Welcome QR Code readers! If you have scanned the QR Code on my poster, it has brought you here. I am still compiling my full presentation for the SouthEastern Division of the American Association of Geographers Conference, to be held November 24-25, 2019. This post is just a placeholder for the presentation and reference list TBA. In the meantime, enjoy this preview.
I will be continuing my “Meteorology and Myth” Weather-and-Climate Education series this fall with another project on weather lore, this time titled “Meteorology and Myth – Part II: A Fair Candlemas”
This post is just a placeholder for now.
BACKGROUND AND PURPOSE: I teach an introductory course in “Weather and Climate”. Whenever February 2nd rolls around, a student will ask if the “Groundhog Day” predictions are true. I used to always answer “NO!” The presence or absence of sunshine on any one particular day can not be used to determine either a shortened or a prolonged winter. Punxsutawney Phil’s predictions are just folksy nonsense.
However, I got to thinking about it … and began to hypothesize that there may be a teaching opportunity in this legend. Although the Groundhog’s prediction does not make meteorological sense in the short term, perhaps there are long-term climatological averages about prolonged-winters and early-springs, which may have allowed the folklore to survive and diffuse.
The purpose of the overall project is to develop general education teaching modules which bridge topics in geography, atmospheric science, history, art, culture and folklore. Students in the arts and humanities often struggle with physical science. Equally, students in Geoscience and other STEM fields often need a greater appreciation for the arts and humanities. The intent is not to have students “prove” whether or not Groundhog Day predictions are true. Instead, the goal is for students to have a better understanding of atmospheric circulations, global teleconnections and weather patterns. Secondarily, students should have a better appreciation for folklore, history, culture and environment.
Look for more updates and embellishments in November!
My Poster for the Library’s Annual Creativity Showcase!
The media blurb from Library: “The Mary Livermore Library will be sponsoring the Third Annual UNCP Research and Creativity Showcase on April 15, 2019 from 1 p.m. to 4 p.m. This event will feature poster and speaker presentations at the newly-renovated Mary Livermore Library. These presentations will highlight the scholarship, research, and creative works of UNCP faculty and staff during the past year.”
Contact me if you want to learn more about my “Meteorology and Myth” project.
Notice: I have updated this article, originally posted on March 5, to include photos from the event on April 15, 2019. I also contributed another poster to the event “Blogging through the GEOG-ing” as per the TLC Directors request,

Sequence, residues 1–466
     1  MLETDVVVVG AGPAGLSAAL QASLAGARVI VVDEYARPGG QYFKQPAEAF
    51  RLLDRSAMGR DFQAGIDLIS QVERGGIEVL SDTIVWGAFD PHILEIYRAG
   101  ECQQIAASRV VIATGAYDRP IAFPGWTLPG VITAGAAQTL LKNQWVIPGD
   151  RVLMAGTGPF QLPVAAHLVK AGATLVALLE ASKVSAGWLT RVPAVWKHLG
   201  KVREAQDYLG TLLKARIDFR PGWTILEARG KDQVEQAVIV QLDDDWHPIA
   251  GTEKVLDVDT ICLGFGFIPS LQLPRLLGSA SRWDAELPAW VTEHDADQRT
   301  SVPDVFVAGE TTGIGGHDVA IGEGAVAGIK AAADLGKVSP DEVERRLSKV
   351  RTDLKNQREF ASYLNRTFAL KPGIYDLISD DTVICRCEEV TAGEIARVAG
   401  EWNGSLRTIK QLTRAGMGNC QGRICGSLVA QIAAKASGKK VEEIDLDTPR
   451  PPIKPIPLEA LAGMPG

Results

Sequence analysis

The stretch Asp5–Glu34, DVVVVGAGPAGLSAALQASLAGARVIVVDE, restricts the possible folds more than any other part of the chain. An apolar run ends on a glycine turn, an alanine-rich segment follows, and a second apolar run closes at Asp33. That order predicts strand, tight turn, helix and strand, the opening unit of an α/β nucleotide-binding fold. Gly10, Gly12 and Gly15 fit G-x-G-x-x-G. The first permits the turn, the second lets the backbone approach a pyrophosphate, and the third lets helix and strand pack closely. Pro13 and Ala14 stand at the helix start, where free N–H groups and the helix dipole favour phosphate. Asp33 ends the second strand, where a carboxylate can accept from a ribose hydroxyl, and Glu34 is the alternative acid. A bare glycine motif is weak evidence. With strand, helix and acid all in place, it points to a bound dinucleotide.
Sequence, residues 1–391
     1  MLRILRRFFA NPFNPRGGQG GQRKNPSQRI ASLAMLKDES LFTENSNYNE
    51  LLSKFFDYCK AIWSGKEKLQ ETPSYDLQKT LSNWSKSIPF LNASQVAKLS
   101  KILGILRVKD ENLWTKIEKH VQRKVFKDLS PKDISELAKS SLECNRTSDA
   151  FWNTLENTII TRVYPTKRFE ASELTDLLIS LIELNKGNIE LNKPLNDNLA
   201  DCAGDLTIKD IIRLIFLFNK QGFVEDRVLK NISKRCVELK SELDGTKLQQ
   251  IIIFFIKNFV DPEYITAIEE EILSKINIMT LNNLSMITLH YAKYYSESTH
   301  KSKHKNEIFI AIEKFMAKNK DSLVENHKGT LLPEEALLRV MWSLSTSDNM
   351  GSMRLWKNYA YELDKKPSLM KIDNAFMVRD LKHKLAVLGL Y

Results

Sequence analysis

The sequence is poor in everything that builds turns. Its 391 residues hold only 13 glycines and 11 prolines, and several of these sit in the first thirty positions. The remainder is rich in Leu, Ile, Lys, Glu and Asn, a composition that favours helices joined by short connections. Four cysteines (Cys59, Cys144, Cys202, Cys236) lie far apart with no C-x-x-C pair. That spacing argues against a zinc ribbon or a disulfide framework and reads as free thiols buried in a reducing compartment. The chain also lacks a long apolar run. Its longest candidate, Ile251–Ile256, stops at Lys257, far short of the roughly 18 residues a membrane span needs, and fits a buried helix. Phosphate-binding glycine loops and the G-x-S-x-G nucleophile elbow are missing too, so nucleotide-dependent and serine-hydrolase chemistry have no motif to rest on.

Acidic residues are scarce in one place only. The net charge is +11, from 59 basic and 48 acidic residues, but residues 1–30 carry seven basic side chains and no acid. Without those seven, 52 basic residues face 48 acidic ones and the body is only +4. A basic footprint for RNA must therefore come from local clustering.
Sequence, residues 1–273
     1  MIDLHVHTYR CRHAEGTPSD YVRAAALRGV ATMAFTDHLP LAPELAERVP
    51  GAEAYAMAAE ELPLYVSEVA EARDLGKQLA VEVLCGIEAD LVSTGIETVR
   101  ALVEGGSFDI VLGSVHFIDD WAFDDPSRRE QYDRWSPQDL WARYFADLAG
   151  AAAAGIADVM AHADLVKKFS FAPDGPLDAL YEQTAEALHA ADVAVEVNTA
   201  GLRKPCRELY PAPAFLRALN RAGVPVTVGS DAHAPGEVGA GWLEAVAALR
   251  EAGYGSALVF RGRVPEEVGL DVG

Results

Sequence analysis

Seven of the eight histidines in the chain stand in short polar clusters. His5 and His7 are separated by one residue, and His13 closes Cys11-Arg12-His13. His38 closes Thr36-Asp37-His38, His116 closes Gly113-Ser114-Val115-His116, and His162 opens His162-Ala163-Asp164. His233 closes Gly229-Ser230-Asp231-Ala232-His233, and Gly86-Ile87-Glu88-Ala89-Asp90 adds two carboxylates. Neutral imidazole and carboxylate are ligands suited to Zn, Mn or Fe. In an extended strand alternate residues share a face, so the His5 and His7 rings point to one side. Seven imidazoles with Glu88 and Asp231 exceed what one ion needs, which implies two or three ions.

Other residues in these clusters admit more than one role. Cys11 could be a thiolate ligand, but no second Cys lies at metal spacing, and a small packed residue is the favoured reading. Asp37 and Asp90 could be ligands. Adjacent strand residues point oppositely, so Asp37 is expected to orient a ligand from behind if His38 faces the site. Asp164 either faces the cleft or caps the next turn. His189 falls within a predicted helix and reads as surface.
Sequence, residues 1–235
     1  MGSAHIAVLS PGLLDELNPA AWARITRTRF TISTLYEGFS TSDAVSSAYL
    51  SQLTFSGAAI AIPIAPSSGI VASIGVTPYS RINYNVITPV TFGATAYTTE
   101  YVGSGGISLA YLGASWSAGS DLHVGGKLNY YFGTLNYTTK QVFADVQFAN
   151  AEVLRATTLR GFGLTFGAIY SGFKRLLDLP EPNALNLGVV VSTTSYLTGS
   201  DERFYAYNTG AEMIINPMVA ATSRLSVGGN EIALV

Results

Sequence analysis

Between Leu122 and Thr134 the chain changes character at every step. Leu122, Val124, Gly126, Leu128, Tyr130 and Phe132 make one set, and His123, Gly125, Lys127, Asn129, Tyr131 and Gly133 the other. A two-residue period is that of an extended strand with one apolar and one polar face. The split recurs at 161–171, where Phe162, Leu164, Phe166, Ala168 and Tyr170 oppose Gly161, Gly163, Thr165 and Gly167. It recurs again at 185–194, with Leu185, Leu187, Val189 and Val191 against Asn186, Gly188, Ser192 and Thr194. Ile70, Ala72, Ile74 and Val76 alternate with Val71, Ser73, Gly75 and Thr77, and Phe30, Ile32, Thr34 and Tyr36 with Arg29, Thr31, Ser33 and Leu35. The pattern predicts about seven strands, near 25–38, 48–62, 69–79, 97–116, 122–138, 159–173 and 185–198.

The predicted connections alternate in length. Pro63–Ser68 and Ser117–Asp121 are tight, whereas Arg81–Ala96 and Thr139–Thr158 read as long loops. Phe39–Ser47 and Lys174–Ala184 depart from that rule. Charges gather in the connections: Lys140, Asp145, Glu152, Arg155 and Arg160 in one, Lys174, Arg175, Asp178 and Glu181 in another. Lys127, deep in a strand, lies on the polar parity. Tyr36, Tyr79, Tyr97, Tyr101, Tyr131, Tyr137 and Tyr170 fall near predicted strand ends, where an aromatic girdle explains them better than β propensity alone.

Next year my library showcase event poster will continue the Meteorology and Myth theme with a new chapter — “A Fair Candlemas”. See you then.
FYI: The following is the abstract for my oral paper presentation at the upcoming North Carolina Academy of Science meeting to be held in Wilmington, NC March 22-23, 2019.
Science education, meteorology and myth: The lightning and wind gods of Japan.
This project derives from educational modules developed for teaching atmospheric science concepts to non-science, general education college students. Folklore and mythology are not proper history or science fact, however there may be persistent, underlying truths to the narrative themes inherent in folklore. Japan’s Shinto religion holds Raijin as a god of lightning and thunderstorms, and Fujin as the god of windstorms and tornadoes. There are rational, scientific reasons why the activities of these metaphysical sky deities persist into modern, secular Japanese culture. Although Raijin and Fujin were revered as “kami” or gods, they were depicted as demonic, destructive forces of nature in traditional Japanese art and architecture. This educational project will explain the science analogies which can be used to explain the Shinto allegory in Japanese culture. Meteorological lessons were made to describe, or at least reinforce the mythology as depicted in Japan’s art, architecture and land use. Myths such as Raijin’s penchant for eating the navels of children, or why Fujin’s skin is green, can be used as discussion points to illustrate meteorological principles in an interesting way for non-science majors. For example, all Japanese painters of the Edo Period depicted lightning flashes as red in color, even though lightning clearly is not red. It might have been artistic license, or perhaps there are meteorological reasons as to why lightning was always colored that way. This teaching module explains weather phenomenon such as gust fronts, nitrogen fixation by lightning, the destructive east winds of cyclones, and others. Through the use of atmospheric science concepts in the context of art and mythology, it is hoped that arts and humanities students will come to better appreciate meteorology. Geoscience majors in turn, could have basic meteorological concepts reinforced, and also gain a better appreciation for art, history and culture.
Feel free to contact me for a copy of the full presentation or collaborative ideas.
Update! Here is a slide show gallery of my presentation.